The backlash was almost immediate, from Hindu American groups, and activists and religious leaders, both in the U.S. and India. Hindu groups in the United States, including the Vishwa Hindu Parishad of America (VHPA), the Coalition of Hindus in North America (CoHNA), and the Hindu American Foundation (HAF), had allegedly sent over 1.3 million emails to several universities urging them to pull out of the conference.
The HAF wrote to the presidents and key administrators of all universities listed as event co-sponsors, asking them to distance themselves from the event, calling it “the antithesis” of their values. In the letter, the HAF urged the university officials to ask the event organizers to remove their university’s name and logo from its website, promotional materials, and social media posts. And “to ensure the safety and wellbeing of Hindu students, faculty, and staff on your campus who may feel targeted, threatened, or face hostility or harassment as a result of this partisan, anti-Hindu event.”
In an op-ed in American Kahani, HAF executive director Suhag Shukla emphasized that her organization does not use the word “Hindutva” to describe our work, nor one we engage with politically or ideologically. But the DGH website makes clear that its interpretation of Hindutva is political, and its intention is to dismantle the word and the Indian political party that espouses it, the Bharatiya Janata Party (BJP).
Noting that the HAF has “no quarrel with those who have a quarrel with the BJP or are involved in Indian politics,” Shukla wondered if “U.S. universities actually sponsor partisan political events about a foreign nation.” She continued: “From our engagement with Hindu advocacy over the past two decades, I know well that criticism of Hindutva — even when it is a legitimate condemnation of vigilantes carrying out attacks in the name of Hinduism or Hindus — has a history of veering quickly into Hinduphobia. Hindutva is a loaded word with definitions that span the spiritual to political.”
Ohio State Sen. Niraj Antani, a Republican, issued a statement criticizing the conference. “This conference represents a disgusting attack on Hindus across the United States, and we must all condemn this as nothing more than racism and bigotry against Hindus. I will always stand strong against Hinduphobia.”
Commenting on the backlash, organizers noted that they “welcome substantive and evidence-based critiques of the contents of the conference.” Noting that “within the conference itself several speakers critiqued each other, in the best tradition of academic freedom,” organizers added that “such critiques enrich the conversation and we are happy to engage with them.”
Organizers noted that “the contents of the conference have made amply clear that other criticisms of the conference, including absurd claims that it was promoting ‘genocide’ against Hindus or making Hindu students unsafe, are utterly baseless.” Emphasizing that “conference was always an academic conference with panels full of evidence-based and nuanced conversations on Hindutva ideology, which is a topic of urgent socio-economic importance, the campaign of lies that was launched against this conference before a single word was said is precisely an example of how the Hindutva disinformation and propaganda machinery operates,” organizers noted. “This includes spreading baseless fear among Hindus and making false claims that Hindus are under attack in order to further their ideology. Those who attended the conference now know that all these were simply tall tales told by those hoping to shut the conference down.”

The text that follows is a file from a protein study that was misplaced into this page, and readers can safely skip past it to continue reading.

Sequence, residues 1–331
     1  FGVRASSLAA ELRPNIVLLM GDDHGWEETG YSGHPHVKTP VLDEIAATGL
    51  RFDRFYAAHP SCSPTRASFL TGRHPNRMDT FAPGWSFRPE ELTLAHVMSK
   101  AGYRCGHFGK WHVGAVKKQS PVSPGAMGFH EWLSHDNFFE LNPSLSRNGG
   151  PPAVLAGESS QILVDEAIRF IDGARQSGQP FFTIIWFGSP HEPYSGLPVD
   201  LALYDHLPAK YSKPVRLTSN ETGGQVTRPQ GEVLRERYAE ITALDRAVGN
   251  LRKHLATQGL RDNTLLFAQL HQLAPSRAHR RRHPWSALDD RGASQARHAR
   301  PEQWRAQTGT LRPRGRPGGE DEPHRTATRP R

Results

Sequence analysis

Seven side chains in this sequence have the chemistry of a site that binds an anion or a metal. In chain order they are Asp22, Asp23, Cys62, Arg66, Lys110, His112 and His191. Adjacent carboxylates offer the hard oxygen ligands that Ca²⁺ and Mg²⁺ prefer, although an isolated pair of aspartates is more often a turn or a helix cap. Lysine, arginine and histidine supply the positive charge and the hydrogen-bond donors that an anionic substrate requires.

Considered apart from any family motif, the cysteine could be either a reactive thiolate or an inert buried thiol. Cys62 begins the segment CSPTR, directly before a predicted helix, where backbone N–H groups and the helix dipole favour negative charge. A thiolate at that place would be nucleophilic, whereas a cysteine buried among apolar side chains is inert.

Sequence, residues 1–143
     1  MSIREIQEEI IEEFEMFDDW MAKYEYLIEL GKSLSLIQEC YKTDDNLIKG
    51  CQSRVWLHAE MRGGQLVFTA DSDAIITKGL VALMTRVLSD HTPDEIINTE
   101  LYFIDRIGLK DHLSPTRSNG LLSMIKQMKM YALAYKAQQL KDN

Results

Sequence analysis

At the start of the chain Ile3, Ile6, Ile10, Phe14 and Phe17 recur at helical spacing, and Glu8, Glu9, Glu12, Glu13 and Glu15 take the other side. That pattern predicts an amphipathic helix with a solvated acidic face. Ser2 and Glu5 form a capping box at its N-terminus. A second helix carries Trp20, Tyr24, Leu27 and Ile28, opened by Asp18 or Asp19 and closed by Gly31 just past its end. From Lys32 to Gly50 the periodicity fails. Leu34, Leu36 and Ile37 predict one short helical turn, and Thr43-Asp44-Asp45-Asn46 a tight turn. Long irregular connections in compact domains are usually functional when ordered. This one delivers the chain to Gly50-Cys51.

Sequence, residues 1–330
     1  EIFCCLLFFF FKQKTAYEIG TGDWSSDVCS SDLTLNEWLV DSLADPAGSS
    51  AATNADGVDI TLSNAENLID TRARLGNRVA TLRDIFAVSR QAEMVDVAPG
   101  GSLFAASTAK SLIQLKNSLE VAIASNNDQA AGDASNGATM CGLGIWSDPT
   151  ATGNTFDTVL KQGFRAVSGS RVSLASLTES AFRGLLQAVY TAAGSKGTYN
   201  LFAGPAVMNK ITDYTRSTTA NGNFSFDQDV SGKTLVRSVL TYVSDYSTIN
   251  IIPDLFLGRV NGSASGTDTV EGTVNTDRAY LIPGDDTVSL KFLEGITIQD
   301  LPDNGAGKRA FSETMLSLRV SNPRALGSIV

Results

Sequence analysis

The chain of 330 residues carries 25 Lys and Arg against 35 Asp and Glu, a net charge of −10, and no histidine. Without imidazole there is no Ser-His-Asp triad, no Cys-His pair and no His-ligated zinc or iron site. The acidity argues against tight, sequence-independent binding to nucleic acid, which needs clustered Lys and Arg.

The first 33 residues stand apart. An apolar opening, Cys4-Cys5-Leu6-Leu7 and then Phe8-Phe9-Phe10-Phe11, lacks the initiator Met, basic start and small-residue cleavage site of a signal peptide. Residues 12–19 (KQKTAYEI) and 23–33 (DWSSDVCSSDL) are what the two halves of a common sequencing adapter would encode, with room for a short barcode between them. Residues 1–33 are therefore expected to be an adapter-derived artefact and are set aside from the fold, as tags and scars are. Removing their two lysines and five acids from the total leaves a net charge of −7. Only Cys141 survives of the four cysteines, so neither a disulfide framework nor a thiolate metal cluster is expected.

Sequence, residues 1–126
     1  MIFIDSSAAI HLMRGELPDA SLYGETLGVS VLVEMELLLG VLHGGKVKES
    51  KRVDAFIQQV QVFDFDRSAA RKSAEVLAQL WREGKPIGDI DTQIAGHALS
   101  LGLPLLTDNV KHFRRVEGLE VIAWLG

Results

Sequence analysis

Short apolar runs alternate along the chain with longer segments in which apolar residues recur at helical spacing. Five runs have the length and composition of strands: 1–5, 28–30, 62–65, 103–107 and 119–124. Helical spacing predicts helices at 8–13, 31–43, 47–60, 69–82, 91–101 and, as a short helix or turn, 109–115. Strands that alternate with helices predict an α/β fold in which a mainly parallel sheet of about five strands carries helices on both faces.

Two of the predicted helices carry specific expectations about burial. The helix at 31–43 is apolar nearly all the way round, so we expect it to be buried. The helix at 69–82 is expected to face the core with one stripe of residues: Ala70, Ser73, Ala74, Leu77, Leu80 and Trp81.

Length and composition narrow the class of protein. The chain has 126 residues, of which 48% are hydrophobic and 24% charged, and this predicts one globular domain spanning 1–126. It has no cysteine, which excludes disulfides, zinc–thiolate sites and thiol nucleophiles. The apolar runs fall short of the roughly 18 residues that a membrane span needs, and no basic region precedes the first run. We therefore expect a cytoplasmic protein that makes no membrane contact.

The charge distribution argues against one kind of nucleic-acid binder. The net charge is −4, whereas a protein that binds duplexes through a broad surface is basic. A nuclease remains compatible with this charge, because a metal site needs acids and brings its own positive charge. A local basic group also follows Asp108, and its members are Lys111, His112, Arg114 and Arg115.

The timing of the event has also been questioned. “Conference is deliberately timed to coincide with the 20th anniversary of the 11 September attacks by Islamist terrorists against the USA. The idea is to try and portray Hinduism as the same kind of violent religious ideology as that practiced by the Taliban,” wrote Rajiv Malhotra.
Others drew a connection between the dates as Swami Vivekananda addressed the Parliament of Religions in Chicago in 1893,” tweeted Indian Supreme Court and Delhi High Court counsel and author, Say Deepak J. “On September 11th, Swami Vivekananda addressed the Parliament of Religions in Chicago in 1893. #NeverForget and this is the day they have chosen to hold the #DismantlingGlobalHindutva conference. #NeverForgive”
A user named Ayushi, from Sharjah, UAE, who describes herself on Twitter as “Sanatani, Brahmin |and “Dreamer of #HinduRashtra,” went a step further with her displeasure on the conference. Sharing a photo of the Sept. 11, 2001 attacks on the World Trade Center, she wrote: “People who talk about #DismantlingGlobalHindutva deserves this treatment.”